Colorado students who attend lower-income schools may receive free access to tampons and other menstrual products if a Democrat-backed bill makes it through the legislature.

SB21-255 is similar to a bill introduced last year that fell by the wayside because of COVID-19. This year, Democratic sponsors hope to allocate $100,000 for the program, which is twice the amount as before.

The bill passed the Senate Education Committee on Thursday by an 4-2 vote and is headed to the Senate Appropriations Committee.

Students first approached Arvada Democratic Rep. Brianna Titone at the end of 2019 about the issue of “period poverty.” Julia Trujillo, a former Arvada West High School student, had formed a club there that raised money for a dispenser for menstrual products and to pay for a one-year supply.

But it was an arduous process, Trujillo said, and she wanted to make sure all students have access to a basic necessity. She added it’s a reflection of the way society views periods, even though half of the population needs menstrual products.

Although some schools in the state provide these products already for free, students often have to go and request them from the nurse’s office, Titone said. And it’s not an option in every school.

If the bill passes, any Title I school in Colorado (that is, it has 50% or more of students who are eligible for free or reduced-cost lunch) would be able to apply for grant funding from the Colorado Department of Education. The money would go to distributing tampons, pads and pantiliners regardless of gender identity, or for installation and maintenance of easily accessible machines.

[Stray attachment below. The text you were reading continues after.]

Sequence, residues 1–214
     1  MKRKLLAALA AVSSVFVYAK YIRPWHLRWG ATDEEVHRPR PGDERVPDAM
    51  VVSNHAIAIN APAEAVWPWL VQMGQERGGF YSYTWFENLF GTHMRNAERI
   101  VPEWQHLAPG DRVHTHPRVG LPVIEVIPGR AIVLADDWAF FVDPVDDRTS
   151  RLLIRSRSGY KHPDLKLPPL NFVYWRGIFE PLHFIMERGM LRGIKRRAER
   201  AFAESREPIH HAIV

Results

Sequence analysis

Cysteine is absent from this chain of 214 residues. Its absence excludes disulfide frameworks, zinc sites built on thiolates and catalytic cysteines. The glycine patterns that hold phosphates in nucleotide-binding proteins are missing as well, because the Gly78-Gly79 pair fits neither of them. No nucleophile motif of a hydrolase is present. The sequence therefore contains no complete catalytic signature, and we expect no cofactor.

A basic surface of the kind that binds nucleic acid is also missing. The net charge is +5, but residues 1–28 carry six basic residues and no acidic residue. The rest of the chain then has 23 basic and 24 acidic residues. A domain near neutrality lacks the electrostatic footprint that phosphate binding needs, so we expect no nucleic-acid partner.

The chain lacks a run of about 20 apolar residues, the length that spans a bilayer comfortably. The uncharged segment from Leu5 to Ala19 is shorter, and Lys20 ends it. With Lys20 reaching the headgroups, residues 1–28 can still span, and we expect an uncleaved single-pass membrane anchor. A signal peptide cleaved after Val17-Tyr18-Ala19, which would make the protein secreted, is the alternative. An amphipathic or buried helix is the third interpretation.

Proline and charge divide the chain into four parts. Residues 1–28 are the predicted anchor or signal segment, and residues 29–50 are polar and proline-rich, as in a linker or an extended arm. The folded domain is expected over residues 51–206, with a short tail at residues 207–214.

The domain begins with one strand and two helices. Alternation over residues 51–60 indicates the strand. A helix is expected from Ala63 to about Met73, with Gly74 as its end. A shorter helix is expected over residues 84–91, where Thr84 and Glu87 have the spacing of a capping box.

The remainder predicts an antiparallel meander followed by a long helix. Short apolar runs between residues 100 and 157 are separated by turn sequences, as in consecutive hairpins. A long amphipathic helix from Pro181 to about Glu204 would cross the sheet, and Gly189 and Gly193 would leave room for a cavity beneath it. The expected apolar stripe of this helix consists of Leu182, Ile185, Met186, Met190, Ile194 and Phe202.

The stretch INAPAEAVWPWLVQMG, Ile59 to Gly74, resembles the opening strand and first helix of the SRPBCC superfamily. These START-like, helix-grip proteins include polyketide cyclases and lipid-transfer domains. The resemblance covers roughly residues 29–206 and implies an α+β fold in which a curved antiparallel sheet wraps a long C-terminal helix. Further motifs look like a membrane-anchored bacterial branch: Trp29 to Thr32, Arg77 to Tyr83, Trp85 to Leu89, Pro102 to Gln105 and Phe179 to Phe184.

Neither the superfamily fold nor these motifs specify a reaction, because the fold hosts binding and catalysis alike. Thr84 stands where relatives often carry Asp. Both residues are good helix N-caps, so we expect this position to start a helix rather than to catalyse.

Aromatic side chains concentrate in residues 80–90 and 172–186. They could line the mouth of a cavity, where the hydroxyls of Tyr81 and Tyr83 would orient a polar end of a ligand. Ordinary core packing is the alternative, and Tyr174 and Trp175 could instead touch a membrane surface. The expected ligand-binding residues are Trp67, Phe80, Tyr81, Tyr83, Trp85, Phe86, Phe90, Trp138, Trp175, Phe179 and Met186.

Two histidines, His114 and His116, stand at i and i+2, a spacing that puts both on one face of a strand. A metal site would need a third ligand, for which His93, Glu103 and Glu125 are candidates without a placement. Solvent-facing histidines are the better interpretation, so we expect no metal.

Advocates say it will benefit school attendance, especially because some students who cannot afford these products may stay home when they have their periods or use replacement products that are not as hygienic.

“It’s healthier to have proper products and not have to resort to makeshift alternatives, which can be harmful,” Titone said. “But it’s really just telling the students, ‘we care about you. This shouldn’t be something that stigmatizes you. And we want you to feel comfortable here in school.’”

Sen. Faith Winter, a Westminster Democrat who is a co-sponsor of the bill, also said it’s important to discuss an issue that makes people uncomfortable but shouldn’t be any different than talking about deodorant or toothbrushes.